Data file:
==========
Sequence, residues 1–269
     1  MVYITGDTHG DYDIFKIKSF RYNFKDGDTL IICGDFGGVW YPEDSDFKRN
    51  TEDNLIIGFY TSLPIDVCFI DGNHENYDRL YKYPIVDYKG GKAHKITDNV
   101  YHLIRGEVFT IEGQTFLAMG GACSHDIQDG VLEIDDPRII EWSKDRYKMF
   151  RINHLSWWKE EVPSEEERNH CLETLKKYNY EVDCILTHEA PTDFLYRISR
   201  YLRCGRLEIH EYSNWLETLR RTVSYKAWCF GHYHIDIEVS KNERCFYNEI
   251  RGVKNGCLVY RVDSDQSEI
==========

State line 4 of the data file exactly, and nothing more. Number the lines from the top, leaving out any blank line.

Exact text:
   101  YHLIRGEVFT IEGQTFLAMG GACSHDIQDG VLEIDDPRII EWSKDRYKMF